salesman

Even the best products or services don’t sell themselves, which makes way for everybody’s favorite professional: the salesman. Despite their often mercenary, compensation-driven ideologies, salespeople are the lifeblood of any organization. Unfortunately, the CRM and communication software tools they rely on are traditionally created by engineers who have never been within 100 yards of a “dial for dollars” power hour, or a dinner meeting potentially worth $500,000. As a result, existing solutions are unnecessarily cold, inefficient, and limiting in their design.

“Pretty much everyone uses Salesforce, but I’ve never met anyone who says they love Salesforce – have you?” Elastic and Close.io engineer Phil Freo says.

Close.io, which launches today to solve this problem, is the first commercialized software product released by of sales-as-a-service consulting startup and Y-Combinator alumni Elastic (FKA, SwipeGood). Frustrated with the solutions available elsewhere in the market, Elastic built a custom solution for its team of 20 salespeople.

The result was a product that allows salespeople to “spend more time communicating with their customers and less time on data entry.” Close.io is the first sales performance tool to combine customer management with communication tools like VoIP calling and two-way email, meaning users can execute all of their core tasks within a single interface. Within the product, salespeople can make and receive calls, while taking notes tied to each address book contact, without leaving the application or ever picking up a desk or mobile phone.

The system incorporates team collaboration tools, and will soon add administrative tools. For goal oriented sales teams, Close.io also incorporates realtime performance tracking and sales forecasting tools.

“Sales at its heart is about successful communication with customers, so sales software needs to be communication software,” Elastic CEO Steli Efti said. “By allowing sales teams to focus on communicating and understanding their customers, as opposed to data entry, Close.io drastically improves their results.”

The really interesting thing about the development of Close.io is the daily interaction between its engineers and customers. Elastic’s six engineers share desks and lunch tables with its 20 salespeople. When they need product feedback or want to observe user real world behavior, they simply walk a few feet down the row and shadow a co-worker using the product. This has been the case since Close.io was little more than an internal tool.

Further, because Elastic’s sales-staff has taken on dozens of different sales campaigns, the product has really been put through its paces, says Elastic Web developer and product lead Phil Freo. In some cases, a campaign calls for heavy call volume; in others, it’s primarily email-based. In all cases, the reliability of the system is of paramount importance. And because the development team is across the room, you can bet “feedback” is heard loud and clear.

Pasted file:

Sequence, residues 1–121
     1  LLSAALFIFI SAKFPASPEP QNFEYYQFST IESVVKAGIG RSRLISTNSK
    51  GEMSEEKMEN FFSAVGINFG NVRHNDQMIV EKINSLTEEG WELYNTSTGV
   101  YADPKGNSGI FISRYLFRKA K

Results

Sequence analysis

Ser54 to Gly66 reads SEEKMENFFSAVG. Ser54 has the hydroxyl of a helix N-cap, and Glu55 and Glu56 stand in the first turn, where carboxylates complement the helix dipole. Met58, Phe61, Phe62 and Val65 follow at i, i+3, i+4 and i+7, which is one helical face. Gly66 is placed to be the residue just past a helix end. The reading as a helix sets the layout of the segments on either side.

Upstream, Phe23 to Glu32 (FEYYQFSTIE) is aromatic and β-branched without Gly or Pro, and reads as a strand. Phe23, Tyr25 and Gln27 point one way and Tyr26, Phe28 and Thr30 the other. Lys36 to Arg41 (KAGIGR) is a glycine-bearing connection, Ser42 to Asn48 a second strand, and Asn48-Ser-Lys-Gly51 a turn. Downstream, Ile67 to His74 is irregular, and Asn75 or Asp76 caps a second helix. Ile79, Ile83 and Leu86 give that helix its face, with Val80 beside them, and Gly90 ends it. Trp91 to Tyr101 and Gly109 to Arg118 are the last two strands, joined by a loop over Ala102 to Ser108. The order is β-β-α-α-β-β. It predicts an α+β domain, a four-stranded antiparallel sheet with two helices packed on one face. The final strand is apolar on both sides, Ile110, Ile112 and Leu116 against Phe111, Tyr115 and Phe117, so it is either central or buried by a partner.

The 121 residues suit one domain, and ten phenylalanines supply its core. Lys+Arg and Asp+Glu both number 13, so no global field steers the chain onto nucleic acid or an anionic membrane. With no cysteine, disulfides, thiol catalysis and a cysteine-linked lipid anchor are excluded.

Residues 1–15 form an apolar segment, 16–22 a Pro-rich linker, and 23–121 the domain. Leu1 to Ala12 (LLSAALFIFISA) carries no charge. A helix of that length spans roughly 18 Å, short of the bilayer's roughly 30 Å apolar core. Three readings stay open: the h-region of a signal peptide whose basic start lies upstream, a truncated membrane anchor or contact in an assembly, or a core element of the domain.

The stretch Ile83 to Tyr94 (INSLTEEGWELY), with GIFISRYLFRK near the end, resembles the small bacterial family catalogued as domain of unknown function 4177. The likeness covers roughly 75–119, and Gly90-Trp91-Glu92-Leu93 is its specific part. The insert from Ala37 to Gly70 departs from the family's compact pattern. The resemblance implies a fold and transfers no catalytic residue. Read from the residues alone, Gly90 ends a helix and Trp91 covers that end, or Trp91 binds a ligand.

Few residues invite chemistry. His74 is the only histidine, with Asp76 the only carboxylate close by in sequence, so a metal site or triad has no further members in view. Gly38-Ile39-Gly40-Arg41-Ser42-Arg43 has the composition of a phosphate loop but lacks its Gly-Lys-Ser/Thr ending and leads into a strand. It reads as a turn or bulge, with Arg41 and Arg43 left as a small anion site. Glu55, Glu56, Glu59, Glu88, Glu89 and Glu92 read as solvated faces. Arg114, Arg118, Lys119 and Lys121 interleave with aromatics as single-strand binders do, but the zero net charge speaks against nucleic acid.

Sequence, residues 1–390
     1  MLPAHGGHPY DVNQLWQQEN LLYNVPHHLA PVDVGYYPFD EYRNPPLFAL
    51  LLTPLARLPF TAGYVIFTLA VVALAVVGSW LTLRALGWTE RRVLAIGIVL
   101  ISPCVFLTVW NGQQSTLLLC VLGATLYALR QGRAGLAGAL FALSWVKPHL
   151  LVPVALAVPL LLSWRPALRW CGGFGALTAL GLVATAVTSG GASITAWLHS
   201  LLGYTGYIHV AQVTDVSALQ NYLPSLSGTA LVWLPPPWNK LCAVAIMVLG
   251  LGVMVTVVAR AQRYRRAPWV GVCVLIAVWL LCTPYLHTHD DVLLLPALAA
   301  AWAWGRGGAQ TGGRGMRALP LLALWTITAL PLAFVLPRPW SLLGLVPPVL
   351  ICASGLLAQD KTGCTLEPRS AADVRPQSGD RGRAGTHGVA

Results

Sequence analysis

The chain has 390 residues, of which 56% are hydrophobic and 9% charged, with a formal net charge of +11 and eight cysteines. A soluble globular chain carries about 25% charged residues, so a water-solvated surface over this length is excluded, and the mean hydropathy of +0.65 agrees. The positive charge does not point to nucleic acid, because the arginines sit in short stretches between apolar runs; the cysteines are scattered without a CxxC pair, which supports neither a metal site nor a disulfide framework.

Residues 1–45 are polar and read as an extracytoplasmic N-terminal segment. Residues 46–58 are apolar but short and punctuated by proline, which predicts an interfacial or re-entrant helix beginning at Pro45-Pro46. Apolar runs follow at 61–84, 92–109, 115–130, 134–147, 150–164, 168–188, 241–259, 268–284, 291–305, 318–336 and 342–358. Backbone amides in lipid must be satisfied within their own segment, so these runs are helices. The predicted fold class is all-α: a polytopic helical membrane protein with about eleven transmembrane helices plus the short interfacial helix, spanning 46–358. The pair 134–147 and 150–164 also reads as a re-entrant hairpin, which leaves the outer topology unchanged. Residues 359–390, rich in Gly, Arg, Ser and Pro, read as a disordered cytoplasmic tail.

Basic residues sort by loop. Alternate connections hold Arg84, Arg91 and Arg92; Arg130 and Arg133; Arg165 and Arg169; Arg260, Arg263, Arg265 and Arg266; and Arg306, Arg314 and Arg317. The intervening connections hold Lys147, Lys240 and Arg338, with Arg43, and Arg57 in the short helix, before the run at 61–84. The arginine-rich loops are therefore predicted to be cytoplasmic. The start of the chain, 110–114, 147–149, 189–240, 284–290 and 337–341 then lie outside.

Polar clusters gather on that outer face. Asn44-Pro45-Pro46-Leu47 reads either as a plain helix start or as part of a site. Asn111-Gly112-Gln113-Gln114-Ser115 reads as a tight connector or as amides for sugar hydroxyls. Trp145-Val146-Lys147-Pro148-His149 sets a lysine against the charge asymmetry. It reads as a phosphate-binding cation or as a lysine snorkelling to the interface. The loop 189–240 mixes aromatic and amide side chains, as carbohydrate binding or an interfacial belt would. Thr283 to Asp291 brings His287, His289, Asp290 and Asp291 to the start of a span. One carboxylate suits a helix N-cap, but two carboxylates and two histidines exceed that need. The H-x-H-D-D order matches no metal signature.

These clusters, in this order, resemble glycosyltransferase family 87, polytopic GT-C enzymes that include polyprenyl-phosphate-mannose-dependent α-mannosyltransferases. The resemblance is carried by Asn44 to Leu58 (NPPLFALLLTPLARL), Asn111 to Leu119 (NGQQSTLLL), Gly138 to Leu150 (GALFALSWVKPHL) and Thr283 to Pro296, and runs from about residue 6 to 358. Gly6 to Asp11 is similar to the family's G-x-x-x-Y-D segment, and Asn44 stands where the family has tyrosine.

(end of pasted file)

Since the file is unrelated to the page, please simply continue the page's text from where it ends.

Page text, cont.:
This proximity initially led to an overemphasis on delivering every internal request, but with this has improved dramatically, according to Freo, with the company’s desire to release a broadly appealing product.

Close.io has been in private beta for the last six weeks, and feedback has been positive according to director of marketing Josh Waller. The product is available for free via a 14-day trial, and then costs $59 to $99 per user, per month. The company has yet to finalize bulk pricing, but will continue to test various price points and structures as it gathers market feedback – as any good sales team is wont to do.

Not surprisingly given Elastic’s experience and its mantra, “Never again should a great company fail because of a lack of sales,” the company is very confident in the future success of Close.io. That said, sales, specifically of paid software, is a costly and uncertain game. Existing profitability of the company’s sales consulting business gives Close.io more flexibility than if it were a typical startup, operating on limited capital from outside investors. (The company raised $500,000 in Seed funding from Bebo co-founder Michael Birch, the Start Fund, Ron Bouganim, Sandhill Group’s MR Rangaswami , and Frederik Fleck.) But there’s something to be said for living and dying by every sales call.

Further, no one is going to concede this market, the least of which being Salesforce. Close.io won’t immediately target the large enterprise customers on which the big boys make their living – it has nowhere near the infrastructure to support them – but if the company makes waves in the startup and SMB arena, expect challengers to take notice.

Close.io has the advantage of being developed by an organization that has sales in its DNA. This gives it a leg up on most products in its sector. That said, while I’m sure its engineers are highly capable, software development is a secondary focus for the startup. It remains to be seen whether other companies are willing to entrust their mission critical functions to a team with this makeup and focus.

Elastic was built on delivering the best salespeople in technology. Now, it’s time for the company to put its money where its mouth is and deliver results on its own product. The only thing on the line is its very reputation.